“Come,” he said in an offhand way, “let’s go and have some supper.”

“Why do you ask me?”

“I need a companion; you are a good fellow and a loser. I am a good fellow and a winner. You will go with me?”

“As you insist I will; you appear to be a very charming gentleman.”

Jack led his new friend to a fine restaurant and they were soon seated at a table, and our hero undertook to order a very sumptuous meal, also some very choice wine; but later, to his surprise, he observed that the baron did not touch the wine, and Jack said:

“You do not drink the wine?”

“No, I never drink wine.”

“That is strange, seeing you are a German. Probably you prefer beer?”

“No, thank you. Yes, I am a German, but I never drink beer.”

“You amaze me.”

“Possibly so, but I have the best of reasons for not using any sort of liquors.”

The baron spoke good English, but there was just enough of the German dialect to indicate that he was not an American.

“Your countrymen, as a rule, are free drinkers.”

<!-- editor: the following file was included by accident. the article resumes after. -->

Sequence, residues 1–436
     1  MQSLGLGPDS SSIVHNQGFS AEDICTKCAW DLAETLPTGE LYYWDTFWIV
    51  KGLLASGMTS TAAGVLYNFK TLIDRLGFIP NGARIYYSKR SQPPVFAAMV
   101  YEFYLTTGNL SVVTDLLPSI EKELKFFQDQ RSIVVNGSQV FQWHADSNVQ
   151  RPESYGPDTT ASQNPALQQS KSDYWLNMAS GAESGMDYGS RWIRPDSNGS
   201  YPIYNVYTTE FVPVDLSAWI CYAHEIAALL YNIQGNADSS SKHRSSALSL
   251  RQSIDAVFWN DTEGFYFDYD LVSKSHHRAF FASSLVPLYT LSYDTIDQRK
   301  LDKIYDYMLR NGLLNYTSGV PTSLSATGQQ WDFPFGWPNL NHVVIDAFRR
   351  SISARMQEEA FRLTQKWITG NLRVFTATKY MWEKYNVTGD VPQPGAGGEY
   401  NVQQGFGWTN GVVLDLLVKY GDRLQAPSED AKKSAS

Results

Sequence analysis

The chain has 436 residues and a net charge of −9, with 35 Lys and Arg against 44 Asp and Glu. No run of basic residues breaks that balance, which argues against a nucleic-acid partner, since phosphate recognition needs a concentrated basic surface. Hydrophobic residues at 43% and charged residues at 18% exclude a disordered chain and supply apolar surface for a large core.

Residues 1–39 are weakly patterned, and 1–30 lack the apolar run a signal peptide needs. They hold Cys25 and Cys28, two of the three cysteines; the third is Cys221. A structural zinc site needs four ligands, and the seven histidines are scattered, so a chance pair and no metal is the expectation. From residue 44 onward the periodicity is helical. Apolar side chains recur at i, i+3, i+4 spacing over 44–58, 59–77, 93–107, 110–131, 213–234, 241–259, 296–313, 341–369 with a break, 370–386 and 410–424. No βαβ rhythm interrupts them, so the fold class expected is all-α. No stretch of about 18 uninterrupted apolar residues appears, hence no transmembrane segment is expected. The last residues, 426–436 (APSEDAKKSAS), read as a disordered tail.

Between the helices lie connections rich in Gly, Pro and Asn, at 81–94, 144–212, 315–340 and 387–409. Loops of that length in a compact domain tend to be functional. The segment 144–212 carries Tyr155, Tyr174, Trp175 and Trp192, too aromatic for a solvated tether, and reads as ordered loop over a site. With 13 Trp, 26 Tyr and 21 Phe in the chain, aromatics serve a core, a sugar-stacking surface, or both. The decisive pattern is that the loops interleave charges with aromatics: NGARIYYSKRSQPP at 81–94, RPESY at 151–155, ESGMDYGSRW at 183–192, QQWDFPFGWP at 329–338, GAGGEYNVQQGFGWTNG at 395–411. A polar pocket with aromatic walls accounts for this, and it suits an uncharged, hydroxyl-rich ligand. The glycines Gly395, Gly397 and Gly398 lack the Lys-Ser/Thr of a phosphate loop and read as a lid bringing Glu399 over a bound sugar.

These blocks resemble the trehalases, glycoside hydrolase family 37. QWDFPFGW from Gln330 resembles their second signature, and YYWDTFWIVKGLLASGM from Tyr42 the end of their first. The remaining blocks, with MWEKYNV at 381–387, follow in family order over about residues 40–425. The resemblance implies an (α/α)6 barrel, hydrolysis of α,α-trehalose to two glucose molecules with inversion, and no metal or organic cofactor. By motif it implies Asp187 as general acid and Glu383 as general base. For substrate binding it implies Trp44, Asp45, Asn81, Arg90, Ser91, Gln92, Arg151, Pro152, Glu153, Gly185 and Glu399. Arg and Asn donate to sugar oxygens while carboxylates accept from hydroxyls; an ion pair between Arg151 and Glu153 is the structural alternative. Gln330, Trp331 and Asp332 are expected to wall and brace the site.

“Yes, unfortunately, yes; but I am not; I repeat, I never do drink liquor of any sort.”

“To tell the truth,” said Jack, “I am not a drinking man myself. I rarely use liquors; I really ordered the wine thinking it would be agreeable to you.”

“You were very kind.”

“You made a remark,” said our hero, “that I did not understand.”



“What did I say, please?”

“You said you always had hard luck.”

“It is true.”

“Then why do you gamble?”

“I do not desire to air my misfortunes.”

The baron spoke as a reserved gentleman would speak under the circumstances.

“Excuse me,” said Jack, “I did not put the question in a specific manner, but only in a general way.”